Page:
Computing Research Policy Blog
Early last week, the Office of Science and Technology Policy (OSTP) released it’s long-awaited guidance to all federal research agencies on how to implement the requirements in National Security Presidential Memorandum 33 (NSPM-33). That memorandum, issued in the closing days of the previous administration, is meant to, “strengthen protections of United States Government-supported R&D against foreign government interference and exploitation,” while, “maintaining an open environment to foster research discoveries and innovation that benefit our nation and the world.” The NSPM-33 was issued in response to multiple incidents over the years of foreign governments (primarily China, though Russia and Iran are also frequently cited) attempting to illicitly obtain research from federally supported researchers. The guidance is meant to clear up conflicts of interest, so research agencies know where researchers are receiving support, while also providing a framework of penalties for deliberate noncompliance or evasion of these new requirements.
An on-going concern with efforts to crack down on this “research security” problem is that it could lead to singling out people of specific ethnicities, particular those of Chinese descent. OSTP and the National Science and Technology Council were as concerned about not fueling prejudice and xenophobia as they were about protecting research. In fact, the “General Implementation Guidance” (page 1) states that research agencies need to engage with the research community throughout their implementation process, as well as to adopt measures that are “risk-based,” while avoiding retroactive application of measures. While this appears to be a good first step, there is still much work to be do, most significantly each research agency will need to put out their specific policies.
We have already seen some of those first steps and there are concerns. Back in September, the Department of Defense’s Defense Advanced Research Project Agency (DARPA) released their initial rubric for identifying researchers and placing them in risk categories. Those instructions focused heavily on relationships and ties (family, professional, financial) of researchers and less on actions that researchers have taken (ex: participation in a foreign government talent recruitment program or accepting gifts from people or companies aligned with foreign governments). It also named specific countries of concern, with China, Russia, and Iran used prominently. As an example, a foreign-born Chinese American researcher, regardless of citizenship status, could be labeled as “high risk” if they still had family in their home country. As another example, a native-born US researcher with foreign-born grad students from the listed countries could be labelled as “high risk.”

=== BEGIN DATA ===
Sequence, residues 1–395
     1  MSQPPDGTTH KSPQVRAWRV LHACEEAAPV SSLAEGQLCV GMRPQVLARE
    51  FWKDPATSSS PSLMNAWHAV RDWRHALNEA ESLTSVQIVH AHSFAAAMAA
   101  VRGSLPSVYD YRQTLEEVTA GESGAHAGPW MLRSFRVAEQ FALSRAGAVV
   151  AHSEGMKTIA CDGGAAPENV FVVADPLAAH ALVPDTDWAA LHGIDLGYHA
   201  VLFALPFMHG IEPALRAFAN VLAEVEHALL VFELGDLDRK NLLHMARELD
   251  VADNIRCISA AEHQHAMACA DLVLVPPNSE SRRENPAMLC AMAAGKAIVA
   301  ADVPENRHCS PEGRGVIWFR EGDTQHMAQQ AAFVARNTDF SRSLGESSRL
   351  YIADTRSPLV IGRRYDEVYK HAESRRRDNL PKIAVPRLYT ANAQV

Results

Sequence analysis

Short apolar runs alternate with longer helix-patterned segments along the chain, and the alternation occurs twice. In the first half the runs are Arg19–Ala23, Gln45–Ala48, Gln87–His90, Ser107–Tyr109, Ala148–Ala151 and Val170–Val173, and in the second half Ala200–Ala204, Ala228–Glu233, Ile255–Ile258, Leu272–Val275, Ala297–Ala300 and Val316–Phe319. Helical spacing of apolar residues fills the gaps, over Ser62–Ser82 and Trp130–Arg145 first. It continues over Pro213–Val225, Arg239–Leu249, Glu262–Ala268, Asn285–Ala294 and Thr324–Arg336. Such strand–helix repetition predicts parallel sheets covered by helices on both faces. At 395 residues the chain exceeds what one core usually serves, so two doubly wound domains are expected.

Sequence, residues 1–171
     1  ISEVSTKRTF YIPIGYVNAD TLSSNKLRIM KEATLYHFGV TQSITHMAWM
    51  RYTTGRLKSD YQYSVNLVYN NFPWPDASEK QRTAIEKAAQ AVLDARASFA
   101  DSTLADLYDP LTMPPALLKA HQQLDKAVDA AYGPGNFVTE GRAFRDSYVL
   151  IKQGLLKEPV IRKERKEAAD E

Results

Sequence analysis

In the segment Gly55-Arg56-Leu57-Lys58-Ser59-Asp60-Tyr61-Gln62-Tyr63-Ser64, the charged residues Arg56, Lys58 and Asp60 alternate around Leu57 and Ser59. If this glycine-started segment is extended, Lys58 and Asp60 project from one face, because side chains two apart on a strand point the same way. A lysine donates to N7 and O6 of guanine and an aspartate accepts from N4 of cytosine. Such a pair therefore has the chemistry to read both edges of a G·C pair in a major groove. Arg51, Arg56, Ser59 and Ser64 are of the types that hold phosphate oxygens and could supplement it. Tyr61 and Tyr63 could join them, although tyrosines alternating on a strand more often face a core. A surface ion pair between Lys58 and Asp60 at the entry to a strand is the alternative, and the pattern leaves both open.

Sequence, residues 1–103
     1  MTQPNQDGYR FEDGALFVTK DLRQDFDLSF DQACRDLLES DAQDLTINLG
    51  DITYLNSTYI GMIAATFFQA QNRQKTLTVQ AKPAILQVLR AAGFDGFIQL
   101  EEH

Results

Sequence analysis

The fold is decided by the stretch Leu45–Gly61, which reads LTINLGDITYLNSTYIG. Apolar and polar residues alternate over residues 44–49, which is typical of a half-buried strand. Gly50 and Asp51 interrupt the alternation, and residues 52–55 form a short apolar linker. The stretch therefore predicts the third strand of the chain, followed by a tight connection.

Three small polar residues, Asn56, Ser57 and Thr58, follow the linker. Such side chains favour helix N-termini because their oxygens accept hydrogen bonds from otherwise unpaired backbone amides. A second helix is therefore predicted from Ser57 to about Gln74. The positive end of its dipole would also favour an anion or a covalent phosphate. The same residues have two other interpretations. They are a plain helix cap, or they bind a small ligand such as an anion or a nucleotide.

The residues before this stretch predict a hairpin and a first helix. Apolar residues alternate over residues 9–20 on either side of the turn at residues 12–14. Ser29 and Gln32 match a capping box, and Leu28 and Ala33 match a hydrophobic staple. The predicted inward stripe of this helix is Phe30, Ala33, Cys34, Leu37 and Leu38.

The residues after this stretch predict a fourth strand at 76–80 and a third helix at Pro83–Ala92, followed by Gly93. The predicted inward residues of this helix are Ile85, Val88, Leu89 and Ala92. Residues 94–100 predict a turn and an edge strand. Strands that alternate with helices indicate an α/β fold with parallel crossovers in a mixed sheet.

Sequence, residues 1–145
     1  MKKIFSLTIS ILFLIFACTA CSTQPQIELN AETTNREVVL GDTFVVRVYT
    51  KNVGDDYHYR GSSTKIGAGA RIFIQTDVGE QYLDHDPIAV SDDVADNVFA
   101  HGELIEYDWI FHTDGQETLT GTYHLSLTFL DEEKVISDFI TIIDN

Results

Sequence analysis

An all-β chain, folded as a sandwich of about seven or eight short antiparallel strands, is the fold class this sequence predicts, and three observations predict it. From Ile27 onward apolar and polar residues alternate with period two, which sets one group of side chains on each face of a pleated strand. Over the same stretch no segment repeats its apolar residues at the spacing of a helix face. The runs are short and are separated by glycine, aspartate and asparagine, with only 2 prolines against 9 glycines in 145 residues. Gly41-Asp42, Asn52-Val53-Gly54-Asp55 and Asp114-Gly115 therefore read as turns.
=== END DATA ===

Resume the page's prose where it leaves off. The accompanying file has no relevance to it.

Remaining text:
Once CRA became aware of this rubric, we engaged with DARPA leadership to voice the community’s concerns with this approach, its likely negative impact on the nation’s research enterprise, and to offer possible revisions. Among them, we recommended removing mention of specific countries; this would not only reduce the chance of prejudice against researchers from specific countries, but it would also help the rubric to age better. We also suggested that the focus should be more on actions taken by researchers and not on their professional or kinship relationships. Thankfully, DARPA listened and substantially changed their rubric to reflect these edits; they released the revised rubric in early December, along with a FAQ.
This is not the end of the process; it is only the initial guidance for all federal research agencies. Each agency will now need to individualize it for implementation with their communities. As well, this guidance does not explain how the federal government will use this information in making decisions about research funding and support for researchers; OSTP and the National Science and Technology Council are now beginning the initial steps in those areas. This will require constant vigilance on the part of research community to make sure it is implemented correctly and fairly. As actions are taken by the assorted research agencies, we will provide updates, so please keep checking back.